Blood pressure self-monitoring helps get patients with hypertension moving, study says

ScienceDaily | 7/1/2019 | Staff
josh567 (Posted by) Level 3
The findings, recently published in the Journal of Hypertension, confirm a long-held but previously untested theory by the study's principal investigator, Linda Pescatello, a distinguished professor in UConn's Department of Kinesiology, and Dr. Paul Thompson, chief of cardiology at Hartford Hospital, that blood pressure self-monitoring can and should be used as a behavioral strategy to help keep patients with hypertension engaged in an aerobic exercise training program, a proven means of addressing the chronic condition known to be a leading risk factor for cardiovascular disease.

"We know that hypertension is the most common and costly, but modifiable, chronic condition in the U.S. and world," says Amanda Zaleski, a postdoctoral fellow in UConn's Department of Kinesiology who works as an exercise physiologist in Hartford Hospital's Department of Preventive Cardiology. Zaleski is the lead author of the study, which was her doctoral dissertation.

Exercise - Lowers - Pressure - Average - Order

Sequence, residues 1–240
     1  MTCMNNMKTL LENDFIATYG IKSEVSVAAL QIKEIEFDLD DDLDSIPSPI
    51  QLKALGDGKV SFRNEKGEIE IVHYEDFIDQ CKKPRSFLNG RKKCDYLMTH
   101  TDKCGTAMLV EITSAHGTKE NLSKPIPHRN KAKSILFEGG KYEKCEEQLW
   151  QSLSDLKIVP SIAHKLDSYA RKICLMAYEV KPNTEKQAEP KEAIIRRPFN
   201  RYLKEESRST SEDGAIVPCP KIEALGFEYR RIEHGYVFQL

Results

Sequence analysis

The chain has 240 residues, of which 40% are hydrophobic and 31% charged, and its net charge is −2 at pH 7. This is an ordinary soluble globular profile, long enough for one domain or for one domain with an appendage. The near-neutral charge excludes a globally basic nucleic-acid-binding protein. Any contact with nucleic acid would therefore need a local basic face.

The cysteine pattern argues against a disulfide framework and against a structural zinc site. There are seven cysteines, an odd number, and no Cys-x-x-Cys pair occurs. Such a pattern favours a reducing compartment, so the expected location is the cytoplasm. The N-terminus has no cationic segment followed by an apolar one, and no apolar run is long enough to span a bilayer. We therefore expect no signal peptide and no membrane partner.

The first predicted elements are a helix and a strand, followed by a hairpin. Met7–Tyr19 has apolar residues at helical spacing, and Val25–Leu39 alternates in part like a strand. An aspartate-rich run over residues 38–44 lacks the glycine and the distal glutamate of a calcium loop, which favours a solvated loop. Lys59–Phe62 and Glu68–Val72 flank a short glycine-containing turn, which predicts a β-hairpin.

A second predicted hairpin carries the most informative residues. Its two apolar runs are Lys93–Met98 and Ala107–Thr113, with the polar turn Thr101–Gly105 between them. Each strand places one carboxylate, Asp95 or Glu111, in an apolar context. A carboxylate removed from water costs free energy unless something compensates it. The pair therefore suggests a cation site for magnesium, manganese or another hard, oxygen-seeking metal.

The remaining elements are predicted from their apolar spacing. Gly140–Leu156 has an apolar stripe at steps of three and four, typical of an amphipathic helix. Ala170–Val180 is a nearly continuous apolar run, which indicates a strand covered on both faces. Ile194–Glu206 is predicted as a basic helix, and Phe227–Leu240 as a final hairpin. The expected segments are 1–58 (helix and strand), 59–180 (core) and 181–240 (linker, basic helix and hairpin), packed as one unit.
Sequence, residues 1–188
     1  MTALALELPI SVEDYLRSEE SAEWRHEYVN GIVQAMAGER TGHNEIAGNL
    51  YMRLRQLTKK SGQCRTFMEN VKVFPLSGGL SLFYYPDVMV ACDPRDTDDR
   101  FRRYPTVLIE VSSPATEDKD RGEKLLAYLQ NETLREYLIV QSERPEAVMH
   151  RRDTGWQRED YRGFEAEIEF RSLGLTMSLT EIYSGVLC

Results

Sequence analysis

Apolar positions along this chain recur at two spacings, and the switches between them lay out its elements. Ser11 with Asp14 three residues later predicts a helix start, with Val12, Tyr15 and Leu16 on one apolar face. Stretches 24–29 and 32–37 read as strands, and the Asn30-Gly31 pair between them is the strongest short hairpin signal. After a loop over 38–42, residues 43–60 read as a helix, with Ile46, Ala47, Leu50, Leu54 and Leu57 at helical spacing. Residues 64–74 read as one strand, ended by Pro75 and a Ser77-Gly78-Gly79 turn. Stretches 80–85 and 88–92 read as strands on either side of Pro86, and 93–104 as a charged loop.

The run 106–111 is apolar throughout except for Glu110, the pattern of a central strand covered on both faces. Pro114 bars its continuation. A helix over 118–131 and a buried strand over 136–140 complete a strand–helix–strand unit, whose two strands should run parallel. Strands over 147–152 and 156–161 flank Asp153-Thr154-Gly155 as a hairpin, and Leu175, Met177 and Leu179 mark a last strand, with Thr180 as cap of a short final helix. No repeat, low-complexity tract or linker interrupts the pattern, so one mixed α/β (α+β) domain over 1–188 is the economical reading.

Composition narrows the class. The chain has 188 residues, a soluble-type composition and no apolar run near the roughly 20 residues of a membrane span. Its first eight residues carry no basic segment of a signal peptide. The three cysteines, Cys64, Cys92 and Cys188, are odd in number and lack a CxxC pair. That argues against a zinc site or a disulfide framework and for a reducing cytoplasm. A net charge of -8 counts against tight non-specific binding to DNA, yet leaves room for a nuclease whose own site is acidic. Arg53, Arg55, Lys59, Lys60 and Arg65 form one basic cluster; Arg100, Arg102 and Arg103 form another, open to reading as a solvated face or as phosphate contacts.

"We know that regular aerobic exercise lowers blood pressure on average to the order of five to seven points," she says, "and these reductions are even greater for those with higher baseline blood pressure."

The difficulty, Zaleski adds, is that hypertension causes no outward symptoms, and patients often become frustrated when they don't know or understand what their blood pressure values are and don't see results from lifestyle modifications. These frustrations can make starting and, perhaps more importantly, sticking with an exercise training program more difficult for many patients.

Research - Team - Experts - Kinesiology - Psychology

The research team -- which included experts in kinesiology, psychology, cardiology, and statistics, among other disciplines -- set out to test their long-held notion that encouraging patients to monitor their own blood pressure, especially before and after exercising, would not only show the patients that exercise had an immediate, positive effect on their blood pressure, but also would help them better adhere to an exercise training program.

Exercise, Zaleski says, lowers blood pressure immediately, an...
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